I zip up my pack and point at Mount Baldy. “Ready for another shot?” Stead has to go to the bathroom. On powder days, I never take a rest break. I piss in the trees with the men.

As efficient in a restroom as I am in the trees, I beat Stead to the ski rack and hunt in vain for my pair. My vision has clouded over, and each pile looks exactly like all the others. Panic rises to my throat, cresting in an unbreakable wave that crashes through my brain, jolting it with an electrical shock and a flash, as if a camera temporarily resided there. I hear a faint shout and whip around, jostling the skis propped behind me. I grab the most endangered pair before it topples. I hope it doesn’t belong to Stead.

“Jane, watch out! You’re going to knock someone’s skis over.”

The skis I dumped at the foot of the rack closest to the staircase are impeding the mass exodus from the restaurant. If I don’t get out of the way, I may be trampled to death.

“Your behavior is unacceptable, totally unacceptable,” Stead yells. My windblown face burns. Our reflections stare back at us from the lenses of startled sunglasses.

A month later he emails, “I think we are stylistically incompatible.”

I don’t remember what awakened me: the coal-powered locomotive of my sister’s snoring or the soft wail of the moonlight-serenading saxophone on the car radio. Their heads are silhouetted by the dashboard light. My mother’s head rests on my father’s shoulder. I am eight years old. This is my only memory of her leaning on him. I suspect there were other times. Despite the passage of time, or perhaps because of it, memory conforms to the childhood narrative rather than the actual events.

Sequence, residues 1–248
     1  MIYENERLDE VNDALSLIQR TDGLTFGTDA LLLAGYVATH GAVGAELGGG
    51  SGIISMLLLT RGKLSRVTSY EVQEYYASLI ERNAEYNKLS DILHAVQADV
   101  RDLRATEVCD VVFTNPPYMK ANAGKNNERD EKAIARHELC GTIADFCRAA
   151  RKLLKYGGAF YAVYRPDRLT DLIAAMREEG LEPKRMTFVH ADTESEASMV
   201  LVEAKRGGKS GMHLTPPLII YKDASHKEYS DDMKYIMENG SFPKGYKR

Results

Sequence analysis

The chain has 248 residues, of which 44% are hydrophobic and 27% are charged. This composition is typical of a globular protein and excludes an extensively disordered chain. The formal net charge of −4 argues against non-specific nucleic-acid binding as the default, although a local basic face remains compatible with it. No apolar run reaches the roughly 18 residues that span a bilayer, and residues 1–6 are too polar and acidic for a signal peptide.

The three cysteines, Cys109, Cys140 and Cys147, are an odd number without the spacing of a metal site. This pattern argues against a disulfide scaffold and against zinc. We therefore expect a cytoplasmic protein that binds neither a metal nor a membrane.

As they left the house for the fiftieth wedding anniversary celebration at their church, my father asked me to take a photo of them. Mother objected. She didn’t want to be late. Caught in the middle as usual, I took his side for once and posed them on the front steps. In the photo, his arm is draped around her shoulders and he is gazing down at her, his Jerry Lewis mad scientist glasses poised on the tip of his Teutonic nose. She looks up at him, shrinking the one-foot disadvantage in height with shriveled lips and bared teeth.


“You don’t know me. You just think you do,” Stead says. I’m on his turf now. He hasn’t sent the “stylistically incompatible” email yet. We’re lying next to each other in his tipi, and he has turned his back on me. Shut his eyes, rolled over and curled up in fetal position, the artificially deep breath of his feigned sleep muffled by the crackling of the woodstove he lit before lying down beside me. The flames spit and dance in the glass window of the stove. The ponderosa poles moan in protest as the wind whips the white canvas walls of the tipi, scattering snowflakes through the eyelets.

I’ve been probing, asking questions, too many questions, and maybe he feels like I am psychoanalyzing him. He is the therapist, not me.